US v. Dwayne Anderson
UNPUBLISHED PER CURIAM OPINION filed. Originating case number: 3:14-cr-00604-JFA-26. Copies to all parties and the district court/agency . [16-4666]
Pg: 1 of 5
UNITED STATES COURT OF APPEALS
FOR THE FOURTH CIRCUIT
UNITED STATES OF AMERICA,
Plaintiff - Appellee,
DWAYNE JEROME ANDERSON, a/k/a Life,
Defendant - Appellant.
Appeal from the United States District Court for the District of South Carolina, at
Columbia. Joseph F. Anderson, Jr., Senior District Judge. (3:14-cr-00604-JFA-26)
Submitted: October 30, 2017
Decided: November 7, 2017
Before MOTZ, TRAXLER, and HARRIS, Circuit Judges.
Affirmed by unpublished per curiam opinion.
Hannah Rogers Metcalfe, METCALFE & ATKINSON, LLC, Greenville, South
Carolina, for Appellant. John David Rowell, Assistant United States Attorney,
Columbia, South Carolina, for Appellee.
Unpublished opinions are not binding precedent in this circuit.
Pg: 2 of 5
Dwayne Jerome Anderson pled guilty to conspiracy to possess with intent to
distribute and to distribute crack and powder cocaine, in violation of 21 U.S.C.
§§ 841(a)(1), (b)(1)(C), 846 (2012), and the district court sentenced him to 151 months’
incarceration, the bottom of the advisory Sentencing Guidelines range established by the
district court. Anderson’s attorney has filed a brief pursuant to Anders v. California, 386
U.S. 738 (1967), concluding there are no meritorious grounds for appeal but questioning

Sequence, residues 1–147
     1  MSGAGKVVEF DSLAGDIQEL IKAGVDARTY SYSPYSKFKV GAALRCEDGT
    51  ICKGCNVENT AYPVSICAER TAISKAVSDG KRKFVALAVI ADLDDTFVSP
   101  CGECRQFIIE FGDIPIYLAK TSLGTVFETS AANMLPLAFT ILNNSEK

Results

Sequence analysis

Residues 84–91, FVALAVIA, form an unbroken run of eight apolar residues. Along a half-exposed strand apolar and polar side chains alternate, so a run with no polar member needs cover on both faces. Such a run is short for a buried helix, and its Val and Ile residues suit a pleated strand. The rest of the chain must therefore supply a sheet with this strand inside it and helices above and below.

whether the district court complied with Fed. R. Crim. P. 11 when accepting Anderson’s
plea, whether the district court properly classified Anderson as a career offender, and
whether Anderson’s sentence is reasonable. Anderson has filed a pro se brief raising
several issues. 1 We affirm.
Before accepting a guilty plea, the district court must conduct a plea colloquy in
which it informs the defendant of, and determines that he comprehends, the nature of the
charge to which he is pleading guilty, the maximum possible penalty he faces, any
mandatory minimum penalty, and the rights he is relinquishing by pleading guilty. Fed.
R. Crim. P. 11(b)(1); United States v. DeFusco, 949 F.2d 114, 116 (4th Cir. 1991). The
court also must ensure that the plea is voluntary and is supported by an independent
factual basis. Fed. R. Crim. P. 11(b)(2), (3). Anderson did not move to withdraw his
guilty plea; thus, we review the adequacy of the Rule 11 hearing for plain error. United
After thoroughly reviewing the record, we conclude that the issues Anderson
raises in his pro se brief are without merit.
Pg: 3 of 5
States v. Sanya, 774 F.3d 812, 815-16 (4th Cir. 2014). We conclude that the district court
substantially complied with Rule 11 and that any minor omissions in the Rule 11
colloquy did not affect Anderson’s substantial rights. See United States v. Davila, 133
S. Ct. 2139, 2147 (2013).
Next, we review for plain error whether Anderson’s South Carolina convictions
for distribution of crack cocaine, pointing and presenting a firearm, and assault with
intent to kill were proper career offender predicate convictions. United States v. Riley,
856 F.3d 326, 328 (4th Cir. 2017) (providing standard of review), cert. denied, ___ S. Ct.
___, No. 17-5559, 2017 WL 3480672 (U.S. Oct. 2, 2017). We review de novo the
classification of Anderson’s conviction for criminal domestic violence of a high and
aggravated nature (CDVHAN) as a career offender predicate conviction. Id. at 327-28.
To be classified as a career offender, a defendant must, in relevant part, “ha[ve] at least